Effective identification accuracy was tested using three databases of burn images (Caucasian, African and global). The prediction accuracy on Caucasian database yielded the best result achieving up to 99.5% accuracy. Conversely, a decrease in performance was observed when the algorithm was trained on African database but outperforming experienced dermatologists’ evaluation which indicates an impressive identification performance. Combining the two databases forming a new database (global) ensures future prediction bias is avoided. As such, both image representations from the two ethnic groups are represented. The result achieved state-of-the-art recognition accuracy.

However, the classification results in this paper recorded some misclassification, as shown in the samples depicted in Fig. 29. These misclassifications were attributed to a number of factors ranging from feature similarity between full-thickness burns and some normal (healthy) skin in Caucasian datasets and poor image resolutions, bad illumination during image acquisition in African datasets. Full-thickness burns feature such as whitish and waxy appearances are the major challenge observed. Hence, they were misclassified as healthy skin. Additionally, the presence of unpeeled burn skin in the African datasets was misclassified as healthy skin, as shown in Fig. 30.

Fig. 30
figure 30

Sample of misclassified images

One obvious limitation of our proposed pipeline is the lack of comparative analysis of our result with the prior works, and this is due to our inability to get access to the datasets used in the literature, all effort made to get access to the data in the existing works has been futile. Therefore, our work in this paper can serve as a baseline for future investigation as we intend to make our data publicly available in due course. Moreover, extensive data processing is needed to further diminishes the potential misclassification of burns, more specifically the deep burns (such as full-thickness), as healthy to further address challenges of underestimation.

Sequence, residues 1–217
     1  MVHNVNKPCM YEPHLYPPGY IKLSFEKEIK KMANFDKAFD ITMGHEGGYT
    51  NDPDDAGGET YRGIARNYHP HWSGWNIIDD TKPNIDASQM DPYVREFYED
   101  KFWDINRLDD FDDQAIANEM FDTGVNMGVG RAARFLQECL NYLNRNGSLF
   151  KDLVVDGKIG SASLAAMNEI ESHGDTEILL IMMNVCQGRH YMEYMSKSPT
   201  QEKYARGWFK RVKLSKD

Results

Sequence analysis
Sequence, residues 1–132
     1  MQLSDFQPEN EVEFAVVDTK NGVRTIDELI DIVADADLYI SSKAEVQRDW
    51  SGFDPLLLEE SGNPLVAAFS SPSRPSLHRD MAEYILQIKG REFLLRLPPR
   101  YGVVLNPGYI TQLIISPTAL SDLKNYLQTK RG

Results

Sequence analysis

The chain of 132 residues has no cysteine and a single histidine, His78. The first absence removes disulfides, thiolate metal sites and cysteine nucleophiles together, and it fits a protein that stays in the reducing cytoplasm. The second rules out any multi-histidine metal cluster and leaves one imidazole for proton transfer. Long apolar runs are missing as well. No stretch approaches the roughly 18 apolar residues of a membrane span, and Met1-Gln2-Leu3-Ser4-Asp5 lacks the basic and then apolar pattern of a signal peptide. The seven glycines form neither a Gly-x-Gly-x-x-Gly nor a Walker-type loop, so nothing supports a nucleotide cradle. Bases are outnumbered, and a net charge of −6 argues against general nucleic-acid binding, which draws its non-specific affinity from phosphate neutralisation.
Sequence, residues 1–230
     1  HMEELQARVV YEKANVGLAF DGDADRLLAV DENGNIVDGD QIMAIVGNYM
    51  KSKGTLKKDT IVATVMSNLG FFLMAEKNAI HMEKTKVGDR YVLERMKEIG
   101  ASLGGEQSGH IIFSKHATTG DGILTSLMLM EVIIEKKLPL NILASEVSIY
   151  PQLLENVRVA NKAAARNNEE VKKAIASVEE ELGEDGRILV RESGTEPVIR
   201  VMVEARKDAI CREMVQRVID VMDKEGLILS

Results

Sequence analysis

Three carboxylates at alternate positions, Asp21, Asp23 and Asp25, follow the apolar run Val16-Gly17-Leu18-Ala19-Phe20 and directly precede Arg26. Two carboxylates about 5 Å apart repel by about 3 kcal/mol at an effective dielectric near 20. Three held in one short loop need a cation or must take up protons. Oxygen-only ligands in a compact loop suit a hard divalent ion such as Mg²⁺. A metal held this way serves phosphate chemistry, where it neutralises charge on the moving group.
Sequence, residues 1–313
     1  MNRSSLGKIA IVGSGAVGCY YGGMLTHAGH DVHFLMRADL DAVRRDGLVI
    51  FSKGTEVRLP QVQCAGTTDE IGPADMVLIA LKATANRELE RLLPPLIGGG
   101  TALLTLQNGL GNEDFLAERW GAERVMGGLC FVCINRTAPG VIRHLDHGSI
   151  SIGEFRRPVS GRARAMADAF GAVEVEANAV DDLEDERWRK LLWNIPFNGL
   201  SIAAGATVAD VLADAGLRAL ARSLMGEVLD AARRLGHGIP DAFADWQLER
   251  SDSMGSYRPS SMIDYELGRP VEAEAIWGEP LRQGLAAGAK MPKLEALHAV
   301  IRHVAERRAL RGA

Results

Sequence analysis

Another obvious limitation of our study is lack of experiments to discriminate burn depth which is a critical aspect to make the decision whether the injury is severe enough for surgical intervention, this will be treated in future work.

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Acknowledgements

Our sincere thanks and appreciation go to the Petroleum Technology Development Fund (PTDF) for the grant to carry out this study (Grant No.: PTDF/ED/PHD/AA/1104/17)

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Correspondence to Aliyu Abubakar.

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Abubakar, A., Ugail, H. & Bukar, A.M. Assessment of Human Skin Burns: A Deep Transfer Learning Approach. J. Med. Biol. Eng. 40, 321–333 (2020). https://doi.org/10.1007/s40846-020-00520-z

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Keywords

  • Burns
  • Caucasian skin
  • African skin
  • Convolutional neural network
  • Deep learning
  • Classification